It’s hard not to feel a twinge of sympathy for Richard Smith.
Concur with that. Those working with the 6% don’t. Comments on my document haven’t gone down that well – then again, I wasn’t really expecting it to be overwhelmingly accepted. FT Adviser comment is here. On to the select committee next. https://t.co/79CASlC4sc
— Moneytrainers (@Moneytrainers) August 18, 2018
But I don’t.
This zealous reformer like Michael Johnson, sees the answer in sweeping changes rather than the incremental (and messy) changes we have seen in the past fifty years.
But sweeping changes are massively destabilising. Even the pension freedoms, no more than an amend in the taxation of pension withdrawals, can cause unexpected consequences, the impact of which can come many years down the line.
Richard’s idea, to abolish tax incentives for private pensions and use the £41bn “savings” to reinforce state pensions might work in a command economy, but it would not work here.
Richard (Moneytrainers) will get a reading at the WPC, but to get a hearing is something else. Those who get to talk to the Committee have generally done something useful.
The transparency agenda
Andy Agethangelou has made himself the voice of “pensions transparency”, if such a phrase could be patented , he would own the patent. I remember drinking with him in the Red Lion (opposite Downing Street) after the first of his breakthrough meetings in the Houses of Parliament.
We saw Frank Field making his way across Whitehall and clobbered him with the whole nine yards. Bemused by this verbal ambush, Field headed towards #10 (this was the time when he was demanding action on the treatment of workers in the gig economy).
The transparency agenda has now emerged in the form of the questions asked by he Work and Pensions Select Committee. Our response is here, I am seeing many of those Andy has assembled around him -responding too. Andy and his troops have become the usual suspects, respect to Andy.
Transparency in action
It takes more than talk of reform, it takes forming the agenda.
It take more than an agenda, it takes action.
So far, action has been short in supply. The Independent Governance Committees are finding their feet but have yet to prove themselves the policyholder’s champions.
Most occupational DC trustees are limp as last-week’s lettuce.
Pensions remain in the bubble. There is no pension aisle in the MoneySupermarket, there is no “compare the pensions market”.
Ordinary consumers remain bereft of practical help on what to do with their legacy pensions and with the DWP dithering over the Pensions Dashboard, the chances of meaningful improvement this decade look increasingly bleak.
Practical help to those outside the pension bubble, the 94% of us who don’t want or have access to proper financial advice is confined to the columns of national newspapers. Even there, the level of expertise and conviction is limited and the majority of comment is from people within the “pension industry”.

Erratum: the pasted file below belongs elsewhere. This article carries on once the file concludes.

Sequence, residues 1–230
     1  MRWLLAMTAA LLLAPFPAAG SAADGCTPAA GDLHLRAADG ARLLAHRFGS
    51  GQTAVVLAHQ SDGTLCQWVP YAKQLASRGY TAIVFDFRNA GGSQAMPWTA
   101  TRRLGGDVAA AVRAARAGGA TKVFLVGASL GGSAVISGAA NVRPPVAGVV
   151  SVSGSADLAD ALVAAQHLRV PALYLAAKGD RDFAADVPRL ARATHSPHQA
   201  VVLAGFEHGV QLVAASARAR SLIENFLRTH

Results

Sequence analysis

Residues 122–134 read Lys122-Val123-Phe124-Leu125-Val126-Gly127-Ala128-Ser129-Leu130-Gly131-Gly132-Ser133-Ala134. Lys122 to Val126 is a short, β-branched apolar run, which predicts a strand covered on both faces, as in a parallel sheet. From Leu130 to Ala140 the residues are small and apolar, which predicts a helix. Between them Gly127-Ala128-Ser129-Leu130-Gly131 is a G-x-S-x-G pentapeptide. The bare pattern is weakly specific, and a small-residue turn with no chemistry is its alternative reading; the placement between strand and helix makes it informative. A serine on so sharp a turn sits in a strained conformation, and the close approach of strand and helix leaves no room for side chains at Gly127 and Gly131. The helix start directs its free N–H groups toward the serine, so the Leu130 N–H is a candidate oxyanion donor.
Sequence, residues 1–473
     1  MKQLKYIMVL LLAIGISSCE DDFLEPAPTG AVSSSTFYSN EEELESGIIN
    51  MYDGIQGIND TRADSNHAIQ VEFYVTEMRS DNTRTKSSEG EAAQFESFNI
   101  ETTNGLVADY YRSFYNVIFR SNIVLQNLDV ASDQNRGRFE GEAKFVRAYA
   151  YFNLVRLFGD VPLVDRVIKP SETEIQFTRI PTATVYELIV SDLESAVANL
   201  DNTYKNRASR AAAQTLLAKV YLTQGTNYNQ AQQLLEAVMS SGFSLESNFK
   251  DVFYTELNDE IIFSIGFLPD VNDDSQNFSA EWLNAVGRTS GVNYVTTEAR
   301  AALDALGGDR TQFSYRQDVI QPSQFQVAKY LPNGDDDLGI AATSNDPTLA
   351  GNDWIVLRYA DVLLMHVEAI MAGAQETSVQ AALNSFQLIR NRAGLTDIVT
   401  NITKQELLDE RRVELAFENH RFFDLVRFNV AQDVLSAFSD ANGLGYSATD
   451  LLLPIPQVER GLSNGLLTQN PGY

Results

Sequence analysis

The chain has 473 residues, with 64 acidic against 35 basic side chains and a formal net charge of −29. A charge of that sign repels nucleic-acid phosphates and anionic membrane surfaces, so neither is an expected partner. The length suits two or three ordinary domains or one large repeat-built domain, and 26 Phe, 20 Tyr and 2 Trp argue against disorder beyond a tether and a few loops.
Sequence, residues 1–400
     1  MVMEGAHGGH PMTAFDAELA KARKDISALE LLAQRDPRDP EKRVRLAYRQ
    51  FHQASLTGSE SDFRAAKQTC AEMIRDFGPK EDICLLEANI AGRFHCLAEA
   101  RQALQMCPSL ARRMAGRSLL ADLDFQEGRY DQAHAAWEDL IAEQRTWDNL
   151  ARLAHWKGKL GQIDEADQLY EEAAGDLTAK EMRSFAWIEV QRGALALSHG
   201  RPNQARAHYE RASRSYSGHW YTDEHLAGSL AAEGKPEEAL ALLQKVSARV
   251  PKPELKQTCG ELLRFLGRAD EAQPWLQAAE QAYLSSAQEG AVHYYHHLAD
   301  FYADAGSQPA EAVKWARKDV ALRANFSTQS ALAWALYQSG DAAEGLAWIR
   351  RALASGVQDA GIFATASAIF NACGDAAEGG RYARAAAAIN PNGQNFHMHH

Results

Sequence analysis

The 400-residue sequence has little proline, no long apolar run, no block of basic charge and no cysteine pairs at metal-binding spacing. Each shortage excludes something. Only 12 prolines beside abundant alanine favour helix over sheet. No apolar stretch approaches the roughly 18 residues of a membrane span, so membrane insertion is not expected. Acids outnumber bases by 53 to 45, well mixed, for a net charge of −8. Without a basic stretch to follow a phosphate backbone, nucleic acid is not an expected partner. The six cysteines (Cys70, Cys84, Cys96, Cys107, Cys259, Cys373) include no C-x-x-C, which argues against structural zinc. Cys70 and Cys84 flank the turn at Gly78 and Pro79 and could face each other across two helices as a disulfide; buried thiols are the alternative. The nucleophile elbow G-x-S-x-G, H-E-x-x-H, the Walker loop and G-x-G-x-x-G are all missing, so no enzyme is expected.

I hate the word “outreach”, but it is what is needed. If Frank Field and the WPC can create a national debate on what we do with the £400bn of “legacy non-workplace” pensions then he will have done much good.
I hate the word “legacy” as much as “outreach”! Last week Now Pensions started talking about the mistakes it made between 2010 and 2015 as “historic issues.
We are pleased with the huge progress made and believe that we’ve taken, and continue to take, all reasonable steps to comply with the notices and to put these historic issues behind us – Nigel Waterson (Now trustee chair)
As Alan Chaplin rightly pointed out, at that rate you could call yesterday “legacy”.
The money that was invested in the 70’s, 80,s and 90’s is not “legacy money”, it is the money that people in their fifties and sixties are relying on to fund their later years, meet the nursing bills, pay for the holidays and its money for the kids and the grandkids too.
One of the aims of any transparency campaign must be to make “legacy” a thing of the past”
Shining a light on our “long-invested money”.
If organisations like NOW was to regard the money invested in its early days as “long-invested” money, then it might realise that it is its most important money.
The reputation of NOW and all the long-term pension providers, whether operating trust or contract based schemes, depends on how they treat their long-term investors. If they consider them “legacy” or “historic” problems, then they don’t understand the nature of the game they are in. They are in the game of long-term investment.
The DWP talk of there being 50m “abandoned” pension pots by 2050, the word is spot on. If we do not shine a light on our long-invested money, that money will be abandoned, set to swell the bank balances of advisers, we’ve long forgotten, of pension providers whose names we’ve forgotten.
The business of tracking down this money, investigating it and making sure we get the most out of it, is the biggest task on my agenda today. I am setting up AgeWage with a view to mapping the pension genome to help people do just this.
It would help to have my dashboard and the technology to get the data, it would help to have some money and it would help to have the permissions from the regulators. All three are on the way – this work will be done!
Helping people to find out what they have in terms of “long-invested money” and giving them the help to make the most of it, is the business of AgeWage.
I applaud Andy Agethangelou for constructing the agenda, I cannot support Richard Smith for his well intentioned but misguided efforts. Those who look to the future without trying to understand the past miss what Balzac called “the secret source of human genius”.
I look forward to the next ten years when we “put pensions to rights”.
That means making “legacy” a thing of the past. Every penny is a penny for the future!